Examining data from nearly two million Medicare beneficiaries, the JAMA-published study concluded that “those enrolled in MA had lower rates of hospital stays, emergency department visits, and 30-day readmissions.” Additionally, the study noted that “[a]mong Medicare beneficiaries with complex care needs, those enrolled in MA had lower rates of acute care utilization, suggesting that managed care activities in MA may influence the nature and quality of care provided to these beneficiaries.”

Medicare Advantage provides health care plans offered by approved private coverage providers. Unlike government-run fee-for-service Medicare, Medicare Advantage plans can cover additional services that seniors rely on and depend upon, such as prescription drugs and routine eye and dental care.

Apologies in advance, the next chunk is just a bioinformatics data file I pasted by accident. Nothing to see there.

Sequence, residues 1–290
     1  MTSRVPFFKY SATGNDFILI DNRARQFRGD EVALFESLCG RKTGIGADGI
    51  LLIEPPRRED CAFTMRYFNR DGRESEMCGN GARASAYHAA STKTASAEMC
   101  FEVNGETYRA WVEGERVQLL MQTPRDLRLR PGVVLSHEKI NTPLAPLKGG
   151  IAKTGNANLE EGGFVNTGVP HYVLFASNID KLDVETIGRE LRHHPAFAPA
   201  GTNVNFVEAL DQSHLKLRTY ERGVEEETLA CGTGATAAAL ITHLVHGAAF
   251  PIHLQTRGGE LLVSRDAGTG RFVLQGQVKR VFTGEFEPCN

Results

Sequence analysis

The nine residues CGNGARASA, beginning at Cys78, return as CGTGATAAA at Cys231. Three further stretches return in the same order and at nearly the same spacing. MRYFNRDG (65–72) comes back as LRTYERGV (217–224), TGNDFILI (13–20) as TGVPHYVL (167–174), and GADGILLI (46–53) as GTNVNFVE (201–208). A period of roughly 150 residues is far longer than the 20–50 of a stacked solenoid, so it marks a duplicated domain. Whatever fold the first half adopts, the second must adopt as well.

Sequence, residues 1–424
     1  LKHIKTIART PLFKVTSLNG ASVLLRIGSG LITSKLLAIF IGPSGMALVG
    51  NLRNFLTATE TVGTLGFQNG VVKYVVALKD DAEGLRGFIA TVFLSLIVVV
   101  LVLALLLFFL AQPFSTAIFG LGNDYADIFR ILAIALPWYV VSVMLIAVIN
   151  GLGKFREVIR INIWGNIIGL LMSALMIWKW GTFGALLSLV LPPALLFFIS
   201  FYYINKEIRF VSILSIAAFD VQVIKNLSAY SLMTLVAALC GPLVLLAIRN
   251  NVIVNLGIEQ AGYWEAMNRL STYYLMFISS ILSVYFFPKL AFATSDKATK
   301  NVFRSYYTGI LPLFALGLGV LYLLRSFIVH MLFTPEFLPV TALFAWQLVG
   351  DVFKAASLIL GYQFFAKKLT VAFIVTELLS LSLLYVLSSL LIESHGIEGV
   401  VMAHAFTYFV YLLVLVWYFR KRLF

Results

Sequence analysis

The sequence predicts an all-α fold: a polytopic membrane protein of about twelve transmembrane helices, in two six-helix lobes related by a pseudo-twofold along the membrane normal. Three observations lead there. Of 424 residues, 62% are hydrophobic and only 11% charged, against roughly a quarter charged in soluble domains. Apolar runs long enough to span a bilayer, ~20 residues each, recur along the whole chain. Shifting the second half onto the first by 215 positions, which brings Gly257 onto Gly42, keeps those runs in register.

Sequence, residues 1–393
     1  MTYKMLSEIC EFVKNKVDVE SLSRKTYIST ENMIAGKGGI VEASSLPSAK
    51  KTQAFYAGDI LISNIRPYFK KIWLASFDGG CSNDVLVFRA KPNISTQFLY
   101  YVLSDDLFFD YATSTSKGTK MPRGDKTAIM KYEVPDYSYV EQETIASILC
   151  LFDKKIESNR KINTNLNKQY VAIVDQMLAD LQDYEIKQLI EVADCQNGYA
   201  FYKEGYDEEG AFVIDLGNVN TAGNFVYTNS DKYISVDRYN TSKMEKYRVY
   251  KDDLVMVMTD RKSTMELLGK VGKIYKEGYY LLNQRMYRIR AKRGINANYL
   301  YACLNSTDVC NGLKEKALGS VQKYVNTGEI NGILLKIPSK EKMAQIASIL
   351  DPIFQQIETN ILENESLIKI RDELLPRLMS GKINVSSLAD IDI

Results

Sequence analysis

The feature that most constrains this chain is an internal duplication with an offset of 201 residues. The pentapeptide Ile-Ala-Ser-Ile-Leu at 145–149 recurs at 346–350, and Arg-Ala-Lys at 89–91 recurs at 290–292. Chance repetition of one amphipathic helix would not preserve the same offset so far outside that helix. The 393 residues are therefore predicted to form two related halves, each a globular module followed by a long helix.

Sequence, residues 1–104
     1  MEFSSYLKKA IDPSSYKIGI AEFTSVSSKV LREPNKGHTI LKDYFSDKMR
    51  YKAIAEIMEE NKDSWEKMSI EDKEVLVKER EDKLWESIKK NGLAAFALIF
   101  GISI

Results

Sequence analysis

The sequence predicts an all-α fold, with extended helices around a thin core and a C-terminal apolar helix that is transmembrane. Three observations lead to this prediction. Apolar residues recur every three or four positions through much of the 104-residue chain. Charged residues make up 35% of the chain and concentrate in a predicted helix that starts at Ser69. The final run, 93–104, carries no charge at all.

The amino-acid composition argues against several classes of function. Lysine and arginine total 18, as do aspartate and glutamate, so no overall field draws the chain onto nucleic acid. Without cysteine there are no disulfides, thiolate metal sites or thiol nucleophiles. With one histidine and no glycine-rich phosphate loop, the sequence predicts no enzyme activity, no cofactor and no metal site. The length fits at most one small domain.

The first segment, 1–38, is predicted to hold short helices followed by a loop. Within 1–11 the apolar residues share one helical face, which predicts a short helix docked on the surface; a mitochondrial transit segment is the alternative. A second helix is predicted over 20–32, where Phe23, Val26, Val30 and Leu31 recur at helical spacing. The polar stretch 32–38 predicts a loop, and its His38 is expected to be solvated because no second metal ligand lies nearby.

The option currently enjoys broad backing in the halls of Congress, with 63 members of the U.S. Senate signing a letter on the program’s behalf.

“We write to express bipartisan support for the Medicare Advantage program and the high-quality, affordable care it provides to over 27 million older adults and people with disabilities,” the letter read, signed by members as ideologically diverse as Sens. Mazie Hirono (D-Hawaii) and Tommy Tuberville (R-Ala.)

In September, the House of Representatives passed a bill on a voice vote to make it easier for seniors using MA to get approval for treatment and prescriptions.

Traditional fee-for-service Medicare does not limit seniors’ out-of-pocket costs and copays. As a result, beneficiaries pay nearly $2,000 more per year in total healthcare-related costs than those enrolled in Medicare Advantage plans.